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How Americans communicate with their doctors and obtain medical information has changed dramatically. Many of the two-thirds of U.S. adults with Internet access use the Internet for medical information. Many more would like to E-mail their doctors for advice, prescription refills, and other matters. A growing number of patients also receive after-hours advice from nurses at telephone-triage centers. The following two studies, which were supported by the Agency for Healthcare Research and Quality (HS10604), examined use of the Internet, E-mail, and telephone triage for medical advice.
Baraff, L.J., Wall, S.P., Lee, T.J., and Guzy, J. (2003, July). "Use of the Internet and E-mail for medical advice and information by parents of a university pediatric faculty practice." Clinical Pediatrics, pp. 557-560.
This survey of a sample of parents who brought their children to a university-affiliated pediatric practice for care found that 91 percent of them had Internet access, and 87.5 percent had an E-mail address. About half used the Internet for medical information, and about 30 percent used it to get information about a specific acute or chronic medical illness.
Only 15 percent had communicated with a physician by E-mail in the past year. However, an additional 49 percent indicated that they would like to communicate with their physicians by E-mail. Three-quarters were willing to receive information about well child care and general health newsletters from the pediatric group practice by E-mail.
Parents more often rated physician telephone advice very good or excellent than nurse practitioner telephone advice (76 vs. 56 percent). Only 47 percent considered Internet information about a specific illness to be very good or excellent. About 70 percent would like to be able to ask their doctor medical-related questions by E-mail, make appointments, request prescription refills, and receive test results online. However, doctors do not currently use E-mail with their patients due to a perceived increase in workload and issues of patient confidentiality.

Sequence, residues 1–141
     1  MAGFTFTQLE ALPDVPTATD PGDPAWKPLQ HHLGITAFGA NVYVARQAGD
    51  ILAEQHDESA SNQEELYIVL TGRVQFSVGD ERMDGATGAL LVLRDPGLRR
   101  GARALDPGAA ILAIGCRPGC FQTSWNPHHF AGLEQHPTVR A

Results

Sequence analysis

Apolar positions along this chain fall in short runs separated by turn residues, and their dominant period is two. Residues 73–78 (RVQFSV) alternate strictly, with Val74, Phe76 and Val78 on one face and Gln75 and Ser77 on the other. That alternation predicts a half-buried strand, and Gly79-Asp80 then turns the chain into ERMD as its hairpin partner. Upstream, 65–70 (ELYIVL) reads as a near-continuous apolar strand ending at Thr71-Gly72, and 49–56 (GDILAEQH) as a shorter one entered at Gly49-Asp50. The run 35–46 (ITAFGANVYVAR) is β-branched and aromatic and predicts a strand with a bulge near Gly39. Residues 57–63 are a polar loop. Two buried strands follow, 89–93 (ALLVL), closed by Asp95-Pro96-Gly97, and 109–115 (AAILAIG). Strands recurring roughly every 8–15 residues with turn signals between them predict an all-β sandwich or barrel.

Lee, T.J., Baraff, L.J., Guzy, J., and others (2003, July). "Does telephone triage delay significant medical treatment?" Archives of Pediatric and Adolescent Medicine 157, pp. 635-641.
By the end of 1996, telephone triage services were available to 35 million people and were expected to reach 100 million people by the end of 2001. Call centers in which specially trained nurses provide medical advice using standardized protocols have the potential to improve the quality of advice and reduce the demand for health care services, according to this study. It found that the level of triage advice to parents from on-call pediatricians and advice nurses was remarkably similar, and that neither type of telephone advice delayed significant medical treatment (treatment that, if delayed, could potentially result in significant problems).
The investigators randomly assigned 1,182 calls to a university-affiliated general pediatrics practice to on-call pediatricians (566) or advice nurses (616) at a large telephone triage service. They classified advice as emergency department (ED) or urgent care (call 911, go to the ED, or obtain urgent care); office care (visit a doctor's office within 72 hours), and self-care. They conducted followup telephone interviews with callers 72 to 96 hours after the initial advice call about the advice they received and any health care visits made within 72 hours of the call.
The types of telephone triage advice given by the physician and advice nurse groups were not significantly different. There was no significant difference in the proportion of callers in each group who sought unadvised care (20 percent). Only 4 percent of patients in both groups received significant treatment after seeking unadvised care (most often a prescription for antibiotics).
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